Relaxed restrictions on international trade have opened new doors for buyers and sellers alike. Until about a couple of years ago, it was only businesses that could afford to purchase products from overseas, that too in bulk, thus requiring huge funds. However, even a layman can now make a one-off purchase without worrying too much. Thanks to some companies selling products online, purchasing phones, tablets or any gadgets is not hard at all, and sometimes advantageous because the same products come down late to the other markets, and the buyer can get it from China before it officially gets launched elsewhere.
Many products that we buy locally are sourced from China. There are various levels of resellers that find livelihood in this arrangement, which means that you have to pay a whole lot more for a product than it generally costs. However, you can now give all that a skip and buy direct from China; it’s never been so economical.
There are an insane number of online marketplaces that put you in touch with sellers in China. However, we’ll take the example of AliExpress, which is a retail-only version of Alibaba.
How to purchase products from China – AliExpress
- Head over to AliExpress, create an account. Be sure to use a genuine email ID (do not use a throwaway ID), because it’s going to come into use later. You can also sign up using Facebook, but that’s not recommended.
- Confirm account creation by clicking the link which AliExpress sends to your inbox.
- Next, search for the product that you wish to purchase, say OPPO Find 7 or OnePlus One.
- The result will be a lot of listings, through which you have to sift to find the most accurate. This is the most important step, because there can be con artists posing as genuine sellers.
- As a general rule, make it a point to purchase high value stuff (>$50) from sellers with more than 2000 rating points and more than 98% positive feedback. This will ensure that the seller you’re dealing with isn’t a con artist, and is fairly trustworthy.
- Chat with seller before making the purchase: The best thing about AliExpress is that you can chat to your hearts content with the seller. Generally, sellers are responsive even though there is a sort of a language barrier. Ask the seller about stocks, and maybe even ask them to send a picture of the product in question. Some sellers will also give you a small discount when persuaded.
- Check the correct bundle, choose shipping mode (more on this later) and hit buy now. Enter your details (including address, contact number, etc.), and then hit ‘place order’. You can also leave an order message in this step – for example, if you want it gift wrapped, customs declaration (more on this later), etc.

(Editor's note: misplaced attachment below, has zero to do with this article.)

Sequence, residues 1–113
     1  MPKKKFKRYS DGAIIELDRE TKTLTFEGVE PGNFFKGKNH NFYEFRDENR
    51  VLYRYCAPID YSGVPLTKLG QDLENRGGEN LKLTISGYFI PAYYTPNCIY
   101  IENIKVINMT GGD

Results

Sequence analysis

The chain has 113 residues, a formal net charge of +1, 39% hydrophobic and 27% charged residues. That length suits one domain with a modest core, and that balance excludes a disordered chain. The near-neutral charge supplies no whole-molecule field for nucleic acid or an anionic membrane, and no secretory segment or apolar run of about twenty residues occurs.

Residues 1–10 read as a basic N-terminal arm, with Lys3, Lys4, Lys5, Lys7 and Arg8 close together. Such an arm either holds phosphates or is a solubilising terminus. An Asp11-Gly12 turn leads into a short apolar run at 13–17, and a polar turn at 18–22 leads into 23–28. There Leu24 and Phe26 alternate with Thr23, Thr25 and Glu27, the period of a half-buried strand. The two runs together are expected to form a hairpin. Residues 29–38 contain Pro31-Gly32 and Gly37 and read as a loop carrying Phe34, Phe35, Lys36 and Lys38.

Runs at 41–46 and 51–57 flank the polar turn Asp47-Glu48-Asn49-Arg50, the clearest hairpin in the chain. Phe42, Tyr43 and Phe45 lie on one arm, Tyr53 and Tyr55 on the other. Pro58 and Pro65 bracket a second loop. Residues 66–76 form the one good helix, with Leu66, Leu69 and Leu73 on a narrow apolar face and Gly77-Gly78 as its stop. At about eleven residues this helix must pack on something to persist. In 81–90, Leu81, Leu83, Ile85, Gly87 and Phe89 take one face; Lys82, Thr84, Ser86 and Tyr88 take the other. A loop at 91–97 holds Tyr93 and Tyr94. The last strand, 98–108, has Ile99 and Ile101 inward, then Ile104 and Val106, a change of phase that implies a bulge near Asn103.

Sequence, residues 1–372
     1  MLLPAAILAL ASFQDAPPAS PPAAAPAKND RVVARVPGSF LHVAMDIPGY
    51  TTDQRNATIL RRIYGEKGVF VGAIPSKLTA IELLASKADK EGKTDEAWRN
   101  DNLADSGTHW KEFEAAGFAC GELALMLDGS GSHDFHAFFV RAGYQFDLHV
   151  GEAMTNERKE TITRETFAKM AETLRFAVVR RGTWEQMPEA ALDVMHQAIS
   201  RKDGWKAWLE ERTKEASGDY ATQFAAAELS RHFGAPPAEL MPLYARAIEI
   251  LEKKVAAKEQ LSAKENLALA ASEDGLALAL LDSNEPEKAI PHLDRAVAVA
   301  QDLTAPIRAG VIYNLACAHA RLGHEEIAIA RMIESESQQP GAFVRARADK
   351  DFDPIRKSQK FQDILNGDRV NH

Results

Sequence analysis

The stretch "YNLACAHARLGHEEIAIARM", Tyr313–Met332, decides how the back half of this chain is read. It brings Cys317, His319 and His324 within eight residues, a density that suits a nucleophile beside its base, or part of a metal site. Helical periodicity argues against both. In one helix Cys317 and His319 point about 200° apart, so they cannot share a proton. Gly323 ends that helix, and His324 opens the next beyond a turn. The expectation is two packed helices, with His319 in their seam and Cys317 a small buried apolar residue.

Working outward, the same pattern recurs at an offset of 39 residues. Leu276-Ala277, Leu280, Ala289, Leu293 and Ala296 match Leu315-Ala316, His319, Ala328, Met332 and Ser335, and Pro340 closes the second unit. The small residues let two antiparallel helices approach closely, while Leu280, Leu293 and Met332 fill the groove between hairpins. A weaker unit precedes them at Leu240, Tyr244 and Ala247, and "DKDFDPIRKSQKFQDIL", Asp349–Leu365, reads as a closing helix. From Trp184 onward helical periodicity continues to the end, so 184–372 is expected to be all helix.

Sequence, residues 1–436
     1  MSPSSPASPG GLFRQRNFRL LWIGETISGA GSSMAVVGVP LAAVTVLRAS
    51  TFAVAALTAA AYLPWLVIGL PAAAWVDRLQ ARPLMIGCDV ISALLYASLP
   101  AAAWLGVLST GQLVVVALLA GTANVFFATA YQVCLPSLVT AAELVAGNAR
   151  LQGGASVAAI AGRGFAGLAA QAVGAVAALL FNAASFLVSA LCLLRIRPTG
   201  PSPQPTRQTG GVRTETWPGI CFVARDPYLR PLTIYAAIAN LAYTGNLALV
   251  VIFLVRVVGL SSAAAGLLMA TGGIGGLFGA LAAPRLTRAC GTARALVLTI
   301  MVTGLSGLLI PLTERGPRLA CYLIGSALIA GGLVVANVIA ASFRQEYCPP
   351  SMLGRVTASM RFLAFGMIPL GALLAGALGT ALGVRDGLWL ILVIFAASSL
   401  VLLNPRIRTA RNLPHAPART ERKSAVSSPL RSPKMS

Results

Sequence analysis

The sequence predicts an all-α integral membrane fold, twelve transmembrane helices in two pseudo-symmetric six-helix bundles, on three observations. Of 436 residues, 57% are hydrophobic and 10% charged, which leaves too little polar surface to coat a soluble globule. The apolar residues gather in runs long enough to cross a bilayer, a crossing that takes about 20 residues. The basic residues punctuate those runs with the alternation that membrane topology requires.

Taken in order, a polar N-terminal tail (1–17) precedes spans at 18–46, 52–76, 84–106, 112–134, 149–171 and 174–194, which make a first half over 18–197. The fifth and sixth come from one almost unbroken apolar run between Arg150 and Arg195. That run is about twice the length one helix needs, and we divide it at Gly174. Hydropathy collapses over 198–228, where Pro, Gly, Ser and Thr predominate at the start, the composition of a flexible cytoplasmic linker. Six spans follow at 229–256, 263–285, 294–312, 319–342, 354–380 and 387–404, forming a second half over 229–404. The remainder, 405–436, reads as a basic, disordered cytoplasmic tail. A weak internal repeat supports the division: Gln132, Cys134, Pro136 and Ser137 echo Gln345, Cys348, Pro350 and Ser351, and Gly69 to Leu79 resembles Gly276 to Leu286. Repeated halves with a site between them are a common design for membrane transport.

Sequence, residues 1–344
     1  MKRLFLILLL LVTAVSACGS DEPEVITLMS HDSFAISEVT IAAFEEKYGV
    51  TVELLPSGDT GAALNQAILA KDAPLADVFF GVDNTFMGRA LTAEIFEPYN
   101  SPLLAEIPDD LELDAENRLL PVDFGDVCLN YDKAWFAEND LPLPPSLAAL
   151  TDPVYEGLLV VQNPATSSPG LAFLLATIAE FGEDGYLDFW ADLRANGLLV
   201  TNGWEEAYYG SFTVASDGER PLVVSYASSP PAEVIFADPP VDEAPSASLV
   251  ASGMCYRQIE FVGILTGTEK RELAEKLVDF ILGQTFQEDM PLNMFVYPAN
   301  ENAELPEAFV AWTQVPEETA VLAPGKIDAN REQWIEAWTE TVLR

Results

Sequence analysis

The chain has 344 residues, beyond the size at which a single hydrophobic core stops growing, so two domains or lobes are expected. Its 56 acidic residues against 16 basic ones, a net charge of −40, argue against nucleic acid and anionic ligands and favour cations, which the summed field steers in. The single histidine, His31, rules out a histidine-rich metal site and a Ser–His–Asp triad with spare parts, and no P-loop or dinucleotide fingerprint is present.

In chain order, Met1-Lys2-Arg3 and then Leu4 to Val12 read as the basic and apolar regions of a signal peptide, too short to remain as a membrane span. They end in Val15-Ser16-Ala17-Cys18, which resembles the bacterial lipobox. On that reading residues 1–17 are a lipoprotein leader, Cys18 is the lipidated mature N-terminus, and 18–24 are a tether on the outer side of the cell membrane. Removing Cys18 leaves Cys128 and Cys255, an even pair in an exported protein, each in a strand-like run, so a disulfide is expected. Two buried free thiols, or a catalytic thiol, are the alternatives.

- There are various modes of payment you can opt for. It is generally a good idea to pay using a credit card rather than a debit card so you can file a chargeback later if anything does go wrong.
- Sit back and relax. Buyers often tend to get restless and impatient, which is something definitely not needed.
- Tracking is important, only if you have opted for a particular shipping service and you are given the tracking ID for the same.
AliExpress has buyer protection, and the money is safely stored in Escrow until you acknowledge receipt of your parcel. This means that if you do not receive your parcel/are unhappy with the quality/quantity, you can file a dispute. Payment is released to the seller only when you hit ‘confirm order received’; this doesn’t mean that you take unfair advantage of it, though.
About shipping modes and customs declaration: depending on the value of your product, it is a good idea to opt for various shipping modes. Say you’re buying yourself a smartphone charger worth $5. It wouldn’t make sense to go for express shipping, because shipping will itself cost more than the product. In that case, post is a good idea. Singapore Post, HK post, China post are usually the options available; we’ve found that the first two usually work faster than any other (free shipping) mode.
Customs declaration can be tricky, especially with high value items. Express shipping often causes duties to be levied on incoming parcels, but buyers often ask the shippers to undervalue the parcel in order to avoid paying customs. We do not encourage the practice, since it can back-fire and might even be illegal. You can always opt for free (post) shipping if you’re willing to take the risk — and be patient — to avoid paying customs duties.
Do let us know how it goes for you, or if you wish to know more!